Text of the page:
You’ve been brainwashed. Brainwashed by clever marketing and the classic underpromise-and-overdeliver strategy employed by Microsoft to fix the mistakes they made with Vista.
I know, I know, everyone told you Vista was bad. You maybe even used Vista pre-SP1, on a “Vista Capable” machine way back when it launched and concluded that it was horrible. Or, maybe you heard all the bad press and skipped on it altogether? Stuck with XP, then switched straight to 7. Is that what you did?
Well, regardless, I am convinced that Vista is the superior operating system. So vastly superior, that I am going out of my way to ensure that it replaces all the systems that I have been tricked into installing Windows 7 on. At work, at home, and for my clients. I am going to make an argument in this article as to why I believe that Vista remains superior.
I challenge someone to list 7 reasons why Windows 7 is better than Windows Vista. Actual reasons. “Features” like Aero Snap, Jump Lists, and the new taskbar do not necessitate an entirely new operating system, so they don’t really count. Those could easily be implemented into Vista, if it were not abandoned in the wake of Windows 7 by the new CEO, Steve Ballmer. So, we begin with a mini history lesson:
Windows Vista was a major disaster. Microsoft suffered from heavily over promising on features (remember WinFS?) and failing to live up to their own hype; and they really hyped it up. Naturally, normal people don’t care or know when a new Microsoft operating system is launched, but the tech community does. So, to over-promise and under deliver, and miss your self-imposed deadlines again and again, the disappointment becomes palpable.
At the time, 64-bit processors were becoming more ubiquitous, and Windows XP 64-bit Edition had a plethora of issues with drivers and was not widely adopted — so they were under immense pressure to release the OS.
Vista Beta 2 came out in 2006, and it was an absolute disaster. If you looked at it funny, or moved the mouse too quickly, it would crash. It was completely unusable, but Microsoft insisted that it was intentional, and that they were planning to fix all of the bugs at once, at the end, prior to RTM. They did, although there was still the issues of heavy disk I/O in the final RTM as well as a large number of driver issues in the final versions.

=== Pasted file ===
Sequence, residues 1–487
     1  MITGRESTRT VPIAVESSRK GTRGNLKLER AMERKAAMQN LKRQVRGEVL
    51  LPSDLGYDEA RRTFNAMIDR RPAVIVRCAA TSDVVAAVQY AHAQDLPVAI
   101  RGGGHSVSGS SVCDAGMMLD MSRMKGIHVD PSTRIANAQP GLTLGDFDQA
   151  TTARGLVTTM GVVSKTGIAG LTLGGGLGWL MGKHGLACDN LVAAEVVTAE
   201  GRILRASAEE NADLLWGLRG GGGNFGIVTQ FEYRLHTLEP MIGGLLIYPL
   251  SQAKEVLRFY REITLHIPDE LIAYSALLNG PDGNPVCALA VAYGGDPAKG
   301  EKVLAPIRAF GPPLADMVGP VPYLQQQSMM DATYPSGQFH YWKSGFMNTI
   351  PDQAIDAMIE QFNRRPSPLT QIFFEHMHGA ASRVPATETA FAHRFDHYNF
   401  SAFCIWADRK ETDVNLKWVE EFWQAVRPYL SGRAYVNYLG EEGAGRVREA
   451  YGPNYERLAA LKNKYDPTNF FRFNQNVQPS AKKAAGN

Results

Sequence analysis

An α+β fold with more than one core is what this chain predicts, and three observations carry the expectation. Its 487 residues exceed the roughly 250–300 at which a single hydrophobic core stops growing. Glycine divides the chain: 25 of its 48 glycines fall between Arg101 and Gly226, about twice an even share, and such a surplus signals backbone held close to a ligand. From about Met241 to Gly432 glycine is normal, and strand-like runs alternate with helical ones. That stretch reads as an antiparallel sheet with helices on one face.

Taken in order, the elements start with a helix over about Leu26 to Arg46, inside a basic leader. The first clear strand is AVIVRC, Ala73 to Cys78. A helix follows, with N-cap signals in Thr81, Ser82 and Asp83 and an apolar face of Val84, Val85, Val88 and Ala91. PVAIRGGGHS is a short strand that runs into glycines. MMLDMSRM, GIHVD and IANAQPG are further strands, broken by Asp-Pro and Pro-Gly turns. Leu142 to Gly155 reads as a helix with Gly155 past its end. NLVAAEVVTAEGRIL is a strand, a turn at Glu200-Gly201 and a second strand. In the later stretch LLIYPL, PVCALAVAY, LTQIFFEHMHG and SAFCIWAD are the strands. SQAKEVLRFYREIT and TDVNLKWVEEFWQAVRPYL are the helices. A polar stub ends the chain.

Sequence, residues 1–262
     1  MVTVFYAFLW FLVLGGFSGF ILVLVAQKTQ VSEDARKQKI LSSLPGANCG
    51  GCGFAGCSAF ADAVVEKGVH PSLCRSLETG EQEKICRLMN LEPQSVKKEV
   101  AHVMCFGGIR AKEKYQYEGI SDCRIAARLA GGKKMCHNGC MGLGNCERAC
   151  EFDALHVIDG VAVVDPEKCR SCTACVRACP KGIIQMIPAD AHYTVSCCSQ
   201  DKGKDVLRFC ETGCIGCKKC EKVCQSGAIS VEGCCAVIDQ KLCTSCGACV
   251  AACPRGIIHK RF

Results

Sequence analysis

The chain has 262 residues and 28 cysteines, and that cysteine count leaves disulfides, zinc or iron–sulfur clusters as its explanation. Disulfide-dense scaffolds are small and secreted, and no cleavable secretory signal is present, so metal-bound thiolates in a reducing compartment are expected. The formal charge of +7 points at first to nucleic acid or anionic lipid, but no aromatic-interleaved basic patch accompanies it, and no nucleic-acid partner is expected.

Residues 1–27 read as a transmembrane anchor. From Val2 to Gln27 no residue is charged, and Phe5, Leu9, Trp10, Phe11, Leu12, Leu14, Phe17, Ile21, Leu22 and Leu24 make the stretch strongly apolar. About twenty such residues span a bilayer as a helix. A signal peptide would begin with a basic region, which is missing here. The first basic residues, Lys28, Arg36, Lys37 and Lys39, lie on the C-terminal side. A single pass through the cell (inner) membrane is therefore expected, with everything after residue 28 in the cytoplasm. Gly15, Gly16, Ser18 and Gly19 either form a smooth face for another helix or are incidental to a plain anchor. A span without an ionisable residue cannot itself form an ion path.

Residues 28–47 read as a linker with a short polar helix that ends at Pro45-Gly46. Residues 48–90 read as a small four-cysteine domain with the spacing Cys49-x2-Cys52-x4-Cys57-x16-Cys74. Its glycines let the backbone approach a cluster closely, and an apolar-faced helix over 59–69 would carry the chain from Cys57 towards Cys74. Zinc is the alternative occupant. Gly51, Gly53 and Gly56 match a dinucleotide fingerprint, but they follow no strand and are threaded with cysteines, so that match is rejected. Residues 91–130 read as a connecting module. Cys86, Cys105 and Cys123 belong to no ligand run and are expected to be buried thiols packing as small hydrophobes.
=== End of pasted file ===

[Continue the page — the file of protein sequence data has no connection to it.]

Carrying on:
Much of the problems with Vista stemmed from an overzealous Search Indexer, incomplete drivers from third party manufacturers, UAC, and underpowered systems. RAM was still moderately expensive at the time, and Vista did not work very well with only 1GB, which was common on low-end systems.
After Beta 2, Microsoft shipped release candidate versions and finally the RTM. They continued to fix all of the issues rapidly, releasing patch after patch. All the while, Vista was hammered in the press, blogs and forums repeatedly for problems stemming from the aforementioned.
This negative press was not without merit. Vista was truly very slow, and despite the improvements, they felt minor in the face of a computer that was so severely hampered. Especially when the computer was branded as: Vista Capable.
Finally, with Vista Service Pack 1 (2/2008), the operating system became relatively stable, and performance was drastically improved. However, plagued by the hasty launch, not enough enticing features over XP, and an insipid ad campaign (“the wow starts now“), there were very few who gave it a second review.
Microsoft later attempted to “prove” that they had fixed Vista with the Mojave Experiment, in which they secretly video taped people who had heard that Vista was bad, and had them interact with a supposed “new” operating system codenamed “Mojave.” Evidently, over 90% of the participants thought it was great and an improvement over XP and/or Vista, and expressed shock/surprise when informed that they were actually using regular ‘ol Windows Vista. Of course, bias is to be expected.
After the release of Service Pack 2 (4/2008) and subsequent updates, performance continued to improve and was on par, or superior to that of Windows 7. None of this ever made it to the press because Windows 7 was under-hyped, under-promised and over-delivered by releasing early, since Microsoft learned their lessons with Vista. Moreover, Microsoft’s “I’m a PC” ad-campaign for 7 was well executed.
So, what’s wrong with Windows 7? Why have I become so negative about it? Here’s 7 reasons why I think Windows 7 is a downgrade from Windows Vista (asterisks denote a subjective comment):